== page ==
Quantcast

AVM Survivors Network

Vertebrovertebral Arteriovenous Fistula ( VV-AVF) with PT


#1

Hi,
I wanted to post this because VV-AVF is rare, so I want there to be something on here.

I was diagnosed in August 2017 with Vertebrovertebral Arteriovenous Fistula of C1, C2 after 2 yrs of brut, very loud pulse whoosing in my head. When asked which side I would say left because it started there and was louder there but I could hear it on both sides and inside my entire head really, because of how loud it was. Dr’s did not believe it was dual sided until I was finally diagnosed.

It took an incredible amount of time and 3 specialists to dx and get a plan for surgery. I was terrified by what may change, not change, all of the possible unknowns. Then I woke up in recovery and the noise in my head was gone, it was finally quiet.

I’ve had a number of positive changes go on since the surgery. It seems to have been impacting my taste, smell, headaches, migraines, body pain-everywhere, mental health/wellness. I doublt my neurosurgeon would believe the wide ranging impacts but I know what I have experienced and those around me witness the new me. Living with much less pain.

As I look back throughout my life I wonder if I was born with this or did some injury happen? I know I tumbled down basement stairs as an infant. I know from the things which have cleared up that I have been dealing with this since I was 10 or 11 at least. So I am left to wonder, what happened?


#2

Catherine,

There is some more modern theory that some types of AVM are acquired but longer standing theory is that they are congenital – formed in the womb. So probably, you’ve had it forever, though over time the damage that the wrong pressure in the wrong place causes eventually showed itself.

I see it as a bit like a stream running through a meadow: it never builds up the banks over time, the only effect the stream has is to very gradually erode the land around it, eventually leading to deep sides which we see. I expect if we overdo things, too, do things that put our blood pressure up, that accelerates the erosion.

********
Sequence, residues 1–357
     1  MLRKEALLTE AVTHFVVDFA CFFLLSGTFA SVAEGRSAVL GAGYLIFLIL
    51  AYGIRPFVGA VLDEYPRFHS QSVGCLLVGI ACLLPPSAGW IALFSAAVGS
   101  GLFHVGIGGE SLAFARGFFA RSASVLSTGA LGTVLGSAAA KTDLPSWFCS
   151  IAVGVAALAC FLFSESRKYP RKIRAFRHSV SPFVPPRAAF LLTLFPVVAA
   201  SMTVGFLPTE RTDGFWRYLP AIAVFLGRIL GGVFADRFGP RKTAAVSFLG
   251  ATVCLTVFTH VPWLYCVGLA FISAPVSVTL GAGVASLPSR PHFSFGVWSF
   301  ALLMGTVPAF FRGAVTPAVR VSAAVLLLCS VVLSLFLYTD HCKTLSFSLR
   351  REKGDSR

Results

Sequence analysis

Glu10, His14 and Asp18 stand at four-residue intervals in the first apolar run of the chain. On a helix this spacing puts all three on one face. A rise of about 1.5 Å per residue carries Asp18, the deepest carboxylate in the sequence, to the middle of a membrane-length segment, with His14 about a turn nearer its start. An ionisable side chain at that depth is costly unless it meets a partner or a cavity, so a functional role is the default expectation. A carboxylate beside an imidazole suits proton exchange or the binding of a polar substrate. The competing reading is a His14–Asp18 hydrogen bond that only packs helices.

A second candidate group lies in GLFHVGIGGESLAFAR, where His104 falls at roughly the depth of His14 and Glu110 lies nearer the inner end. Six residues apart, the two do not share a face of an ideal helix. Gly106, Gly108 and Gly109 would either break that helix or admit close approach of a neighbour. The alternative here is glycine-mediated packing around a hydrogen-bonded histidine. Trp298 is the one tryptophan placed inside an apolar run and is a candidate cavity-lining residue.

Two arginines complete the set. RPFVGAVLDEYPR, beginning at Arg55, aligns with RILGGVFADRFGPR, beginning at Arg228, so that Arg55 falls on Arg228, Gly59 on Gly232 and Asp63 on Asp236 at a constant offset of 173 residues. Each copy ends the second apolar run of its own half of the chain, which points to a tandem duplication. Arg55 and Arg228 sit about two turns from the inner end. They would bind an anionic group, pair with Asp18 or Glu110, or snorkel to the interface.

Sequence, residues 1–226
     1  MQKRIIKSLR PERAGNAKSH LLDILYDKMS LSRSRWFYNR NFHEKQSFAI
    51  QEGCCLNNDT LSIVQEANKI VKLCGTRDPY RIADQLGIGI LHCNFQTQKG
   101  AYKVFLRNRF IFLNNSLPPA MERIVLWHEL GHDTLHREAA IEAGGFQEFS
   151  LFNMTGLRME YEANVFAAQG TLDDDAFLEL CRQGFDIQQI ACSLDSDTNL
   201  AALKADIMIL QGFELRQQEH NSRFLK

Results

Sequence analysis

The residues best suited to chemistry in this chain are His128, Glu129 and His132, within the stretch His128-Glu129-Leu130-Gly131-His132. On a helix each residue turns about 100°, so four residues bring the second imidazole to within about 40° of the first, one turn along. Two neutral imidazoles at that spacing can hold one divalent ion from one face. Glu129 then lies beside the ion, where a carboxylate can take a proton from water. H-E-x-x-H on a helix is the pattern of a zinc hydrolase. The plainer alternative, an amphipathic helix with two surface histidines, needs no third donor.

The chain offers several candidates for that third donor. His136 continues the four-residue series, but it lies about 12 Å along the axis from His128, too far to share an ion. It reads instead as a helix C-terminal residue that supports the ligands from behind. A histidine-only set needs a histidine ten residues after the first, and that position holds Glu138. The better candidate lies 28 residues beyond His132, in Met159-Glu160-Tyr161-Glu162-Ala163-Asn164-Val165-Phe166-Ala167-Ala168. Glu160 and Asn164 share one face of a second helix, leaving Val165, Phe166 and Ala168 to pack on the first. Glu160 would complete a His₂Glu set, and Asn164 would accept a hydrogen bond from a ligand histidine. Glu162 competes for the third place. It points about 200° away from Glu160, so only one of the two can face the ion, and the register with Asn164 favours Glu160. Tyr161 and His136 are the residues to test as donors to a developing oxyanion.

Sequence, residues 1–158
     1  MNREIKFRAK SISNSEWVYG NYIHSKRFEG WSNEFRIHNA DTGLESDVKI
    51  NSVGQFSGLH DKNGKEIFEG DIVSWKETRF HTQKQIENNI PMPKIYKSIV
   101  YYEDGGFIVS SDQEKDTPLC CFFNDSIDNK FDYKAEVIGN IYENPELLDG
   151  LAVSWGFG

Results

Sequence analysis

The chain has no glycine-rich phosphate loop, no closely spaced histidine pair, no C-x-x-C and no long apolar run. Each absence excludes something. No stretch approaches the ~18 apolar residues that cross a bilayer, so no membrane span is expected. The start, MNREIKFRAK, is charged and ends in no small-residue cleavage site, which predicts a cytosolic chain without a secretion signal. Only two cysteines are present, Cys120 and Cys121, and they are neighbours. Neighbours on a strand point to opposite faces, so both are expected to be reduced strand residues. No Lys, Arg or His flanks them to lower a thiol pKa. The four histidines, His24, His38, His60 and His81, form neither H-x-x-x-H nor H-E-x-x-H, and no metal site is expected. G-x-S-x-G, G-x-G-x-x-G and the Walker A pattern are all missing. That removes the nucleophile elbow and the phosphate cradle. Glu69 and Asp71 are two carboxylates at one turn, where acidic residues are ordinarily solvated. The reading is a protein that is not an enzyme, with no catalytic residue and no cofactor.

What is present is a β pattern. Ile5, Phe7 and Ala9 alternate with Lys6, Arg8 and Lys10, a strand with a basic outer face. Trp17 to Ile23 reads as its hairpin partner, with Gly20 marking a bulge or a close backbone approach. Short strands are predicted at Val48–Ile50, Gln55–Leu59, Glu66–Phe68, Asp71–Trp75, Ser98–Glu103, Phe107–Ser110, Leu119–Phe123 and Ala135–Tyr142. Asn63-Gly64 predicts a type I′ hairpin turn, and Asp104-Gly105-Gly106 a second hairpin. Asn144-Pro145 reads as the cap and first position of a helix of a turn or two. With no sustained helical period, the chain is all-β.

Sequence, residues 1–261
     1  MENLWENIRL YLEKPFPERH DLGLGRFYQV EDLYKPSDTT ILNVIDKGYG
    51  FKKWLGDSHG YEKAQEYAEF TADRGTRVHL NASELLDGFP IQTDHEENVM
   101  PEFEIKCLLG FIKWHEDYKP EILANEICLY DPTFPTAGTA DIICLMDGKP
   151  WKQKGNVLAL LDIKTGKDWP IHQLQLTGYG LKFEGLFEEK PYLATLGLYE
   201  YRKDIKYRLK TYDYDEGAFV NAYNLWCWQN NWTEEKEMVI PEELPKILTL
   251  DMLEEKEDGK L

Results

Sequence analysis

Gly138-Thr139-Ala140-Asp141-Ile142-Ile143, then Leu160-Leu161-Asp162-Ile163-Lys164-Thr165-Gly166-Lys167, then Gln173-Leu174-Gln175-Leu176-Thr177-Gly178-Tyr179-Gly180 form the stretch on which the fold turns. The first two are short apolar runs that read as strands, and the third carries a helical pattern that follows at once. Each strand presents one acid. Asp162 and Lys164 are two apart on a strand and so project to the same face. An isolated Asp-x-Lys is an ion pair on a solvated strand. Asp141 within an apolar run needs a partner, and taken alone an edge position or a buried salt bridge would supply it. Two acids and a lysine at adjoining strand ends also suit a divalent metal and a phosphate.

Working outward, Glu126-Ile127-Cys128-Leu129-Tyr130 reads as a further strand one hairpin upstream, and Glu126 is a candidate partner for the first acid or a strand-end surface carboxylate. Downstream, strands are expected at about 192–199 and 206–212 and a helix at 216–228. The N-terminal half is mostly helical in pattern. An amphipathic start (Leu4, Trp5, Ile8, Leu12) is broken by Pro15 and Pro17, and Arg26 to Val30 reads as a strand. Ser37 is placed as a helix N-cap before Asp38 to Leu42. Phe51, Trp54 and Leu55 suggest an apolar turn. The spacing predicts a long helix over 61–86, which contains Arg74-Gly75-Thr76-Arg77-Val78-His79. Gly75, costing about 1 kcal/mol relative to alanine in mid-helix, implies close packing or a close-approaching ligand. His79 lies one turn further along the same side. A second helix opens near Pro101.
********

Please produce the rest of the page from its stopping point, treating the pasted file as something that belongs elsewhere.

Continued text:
Your story is so rarely read that I’ve moved it to our AVM 101 section, so it can be a reference for future generations.

I’m really pleased to know you’re doing well. Very best wishes

Richard


#3

Thank you RICHARD. I can hardly believe it is 7+ months post op. Feels as if years have passed.

I am feeling well. My only issue is frequent painful muscle spasm in a very precise area of my neck. Thinking I should discuss w my dr.

I wonder if I was born with a weakness in this erratic that has affected me much of my life. Then a cpl yrs back I recall feeling/hearing an extremely loud pop in my head, I felt a bit dizzy when it happened. Then I waited to see what would happen next but nothing did. The whooshing didn’t start for many months after that.

Today I had my follow up hearing test. With the brut I had hearing loss which was concerning for my age. Today my hearing was tested and back to exceptional. Near newborn baby exceptional. So not only did I have this extremely loud noise and effects, it significantly affected my hearing.
This impacted how I functioned each and every day. Especially as an introvert, needing quiet, space to refresh and not getting it for more than a year.


#4

It’s great to hear from you again, and that you’re doing so well!

Very best wishes always

Richard